Hollywoodbets Sports Blog: Move north a bold but potentially rewarding step forward for SA Rugby

Move north a bold but potentially rewarding step forward for SA Rugby

Lukhanyo Am of the Cell C Sharks

Shaun Goosen gives his views on South Africa's Super Rugby franchises' potential move north.

Image Copyright - Steve Haag Sports

Two women looking excitedly at cellphone

All indications are that the Sharks, Stormers, Bulls and Lions will join an expanded Pro14 competition ahead of next season and finally leave behind a Super Rugby tournament well past its prime. Despite some dismay amongst many groups of local supporters, the benefits of such a move could be hugely rewarding in the long run.

The winds of change are here. Following the knock-on effects of the Covid-19 pandemic, the rugby landscape will undergo unprecedented alterations ahead of the next season. About damn time, too.

For years, many South Africans have implored Saru to ditch Super Rugby and link up with the Celtic league and, judging by recent events, their wish may soon be granted. The Sanzaar-run competition lost its appeal a long time ago and it’s no secret that SA teams have always held the short end of the stick in terms of its travel demands and time zone differences.

Additionally, fixtures like the Rebels vs Crusaders, Lions vs Reds and Waratahs vs Blues just don’t live up to their billing anymore. Super Rugby is a tired, repetitive and predictable affair.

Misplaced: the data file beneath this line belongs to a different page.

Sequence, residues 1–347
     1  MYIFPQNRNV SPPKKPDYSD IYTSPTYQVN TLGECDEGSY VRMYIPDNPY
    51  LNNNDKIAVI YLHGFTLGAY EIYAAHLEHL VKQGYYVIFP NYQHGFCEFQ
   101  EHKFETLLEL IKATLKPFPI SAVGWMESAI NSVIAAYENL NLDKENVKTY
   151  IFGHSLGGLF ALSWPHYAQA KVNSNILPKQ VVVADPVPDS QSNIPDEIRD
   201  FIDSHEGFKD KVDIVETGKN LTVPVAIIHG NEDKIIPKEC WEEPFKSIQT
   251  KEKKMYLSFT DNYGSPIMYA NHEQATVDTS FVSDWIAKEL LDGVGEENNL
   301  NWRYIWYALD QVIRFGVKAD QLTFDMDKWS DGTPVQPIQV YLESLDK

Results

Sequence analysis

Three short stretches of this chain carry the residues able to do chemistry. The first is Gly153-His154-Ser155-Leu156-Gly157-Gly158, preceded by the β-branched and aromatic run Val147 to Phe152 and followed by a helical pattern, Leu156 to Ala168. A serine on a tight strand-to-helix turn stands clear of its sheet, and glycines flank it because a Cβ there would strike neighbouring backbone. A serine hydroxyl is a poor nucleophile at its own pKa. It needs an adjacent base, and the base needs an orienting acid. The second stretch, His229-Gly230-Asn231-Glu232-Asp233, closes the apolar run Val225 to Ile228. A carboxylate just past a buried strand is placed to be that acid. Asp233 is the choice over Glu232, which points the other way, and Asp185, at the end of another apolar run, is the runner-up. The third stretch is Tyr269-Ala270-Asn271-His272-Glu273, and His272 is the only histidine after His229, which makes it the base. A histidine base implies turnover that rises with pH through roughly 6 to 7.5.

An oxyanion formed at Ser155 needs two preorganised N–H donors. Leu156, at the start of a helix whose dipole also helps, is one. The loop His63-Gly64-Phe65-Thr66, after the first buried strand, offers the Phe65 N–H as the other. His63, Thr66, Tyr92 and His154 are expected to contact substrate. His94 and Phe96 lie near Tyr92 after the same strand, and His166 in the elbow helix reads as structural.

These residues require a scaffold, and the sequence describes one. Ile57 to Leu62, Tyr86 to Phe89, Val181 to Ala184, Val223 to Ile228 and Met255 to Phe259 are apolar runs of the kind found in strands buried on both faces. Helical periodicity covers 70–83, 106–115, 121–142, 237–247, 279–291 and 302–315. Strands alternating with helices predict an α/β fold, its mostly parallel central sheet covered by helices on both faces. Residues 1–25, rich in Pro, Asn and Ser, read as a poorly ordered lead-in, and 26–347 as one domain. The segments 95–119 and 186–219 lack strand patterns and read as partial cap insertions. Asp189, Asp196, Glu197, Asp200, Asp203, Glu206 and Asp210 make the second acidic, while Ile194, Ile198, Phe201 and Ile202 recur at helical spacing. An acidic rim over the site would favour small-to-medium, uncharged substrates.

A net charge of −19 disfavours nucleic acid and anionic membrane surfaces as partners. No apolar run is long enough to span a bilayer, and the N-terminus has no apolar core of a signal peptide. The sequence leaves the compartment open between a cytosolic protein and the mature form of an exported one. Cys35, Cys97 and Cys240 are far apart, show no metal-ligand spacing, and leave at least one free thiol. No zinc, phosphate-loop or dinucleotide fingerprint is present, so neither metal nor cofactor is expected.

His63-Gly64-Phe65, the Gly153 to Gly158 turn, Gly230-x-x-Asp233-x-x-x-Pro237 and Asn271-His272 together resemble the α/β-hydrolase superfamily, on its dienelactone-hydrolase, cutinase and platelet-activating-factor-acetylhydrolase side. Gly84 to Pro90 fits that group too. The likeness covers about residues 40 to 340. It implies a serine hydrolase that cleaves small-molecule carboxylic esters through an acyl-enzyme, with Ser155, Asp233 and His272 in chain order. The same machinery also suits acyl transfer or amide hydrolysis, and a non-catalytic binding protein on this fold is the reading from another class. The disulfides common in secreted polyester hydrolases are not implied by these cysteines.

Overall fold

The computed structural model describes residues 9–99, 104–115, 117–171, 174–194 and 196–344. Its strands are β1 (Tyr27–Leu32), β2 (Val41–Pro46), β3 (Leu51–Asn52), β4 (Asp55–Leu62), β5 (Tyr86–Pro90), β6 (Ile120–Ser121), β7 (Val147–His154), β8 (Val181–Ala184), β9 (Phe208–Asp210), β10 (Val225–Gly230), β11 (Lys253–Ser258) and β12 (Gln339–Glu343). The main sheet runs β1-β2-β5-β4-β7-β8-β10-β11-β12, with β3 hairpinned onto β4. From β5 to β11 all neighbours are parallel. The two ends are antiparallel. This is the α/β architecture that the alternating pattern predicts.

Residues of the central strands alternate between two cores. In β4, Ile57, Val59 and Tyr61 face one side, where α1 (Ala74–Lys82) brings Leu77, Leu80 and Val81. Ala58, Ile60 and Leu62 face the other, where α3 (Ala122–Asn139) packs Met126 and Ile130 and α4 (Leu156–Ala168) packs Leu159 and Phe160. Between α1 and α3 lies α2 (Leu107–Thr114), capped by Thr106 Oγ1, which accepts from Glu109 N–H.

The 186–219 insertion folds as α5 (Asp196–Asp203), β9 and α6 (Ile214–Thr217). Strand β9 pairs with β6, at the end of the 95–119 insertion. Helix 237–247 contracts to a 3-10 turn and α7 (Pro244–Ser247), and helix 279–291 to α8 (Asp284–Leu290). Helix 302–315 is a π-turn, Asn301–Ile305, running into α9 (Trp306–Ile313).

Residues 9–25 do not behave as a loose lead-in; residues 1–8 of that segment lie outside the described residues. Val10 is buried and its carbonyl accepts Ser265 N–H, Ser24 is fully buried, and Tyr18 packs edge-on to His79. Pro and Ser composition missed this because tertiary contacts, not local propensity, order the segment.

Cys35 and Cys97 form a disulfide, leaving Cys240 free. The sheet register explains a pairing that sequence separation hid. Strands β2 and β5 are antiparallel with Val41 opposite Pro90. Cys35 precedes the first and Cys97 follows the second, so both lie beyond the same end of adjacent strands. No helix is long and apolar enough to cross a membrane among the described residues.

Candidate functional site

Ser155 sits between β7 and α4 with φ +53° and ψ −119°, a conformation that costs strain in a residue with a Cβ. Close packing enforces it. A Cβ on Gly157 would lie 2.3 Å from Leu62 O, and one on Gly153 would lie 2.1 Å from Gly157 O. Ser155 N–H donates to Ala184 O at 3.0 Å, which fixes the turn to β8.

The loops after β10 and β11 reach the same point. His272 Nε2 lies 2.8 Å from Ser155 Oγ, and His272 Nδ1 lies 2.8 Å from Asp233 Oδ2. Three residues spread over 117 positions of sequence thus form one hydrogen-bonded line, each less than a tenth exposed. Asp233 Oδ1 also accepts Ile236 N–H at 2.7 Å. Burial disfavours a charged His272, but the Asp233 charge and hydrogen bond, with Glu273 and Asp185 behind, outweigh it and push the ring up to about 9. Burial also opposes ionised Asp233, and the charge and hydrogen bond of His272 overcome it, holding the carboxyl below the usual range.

By joining the Cheetahs and Southern Kings in a revised Pro14, South Africa’s four premier franchises could experience a revitalised rugby calendar that would finally breathe new life into the local game after so much tedium.

While some reports claim this new development will come at the expense of the former teams’ continued inclusion in the competition, this would be a savage blow. Despite their struggles in the tournament, they are deserving of their place; the Cheetahs in particular.

Rugby Australia permitting, New Zealand Rugby seems to be gearing up for a new trans-Tasman competition that includes a Pacific Island team. Although this would bring an end to Super Rugby, the Sunwolves’ time in the tournament is already up while the Jaguares’ future remains in doubt. It just makes sense.

That said, the Sanzaar alliance is set to remain intact meaning the Rugby Championship could survive the shake-up going forward. Annual Springbok clashes with the All Blacks don’t seem likely to go anywhere.

For South Africa, these changes may be for the best. The possibility of entering a new market will serve the local game well and encourage fans to return to stadiums in numbers as clashes with the likes of traditional European powerhouses Leinster, Munster and Ospreys loom large.

No matter what happens over the next few months, rugby won’t ever be the same again and we should be eternally grateful.

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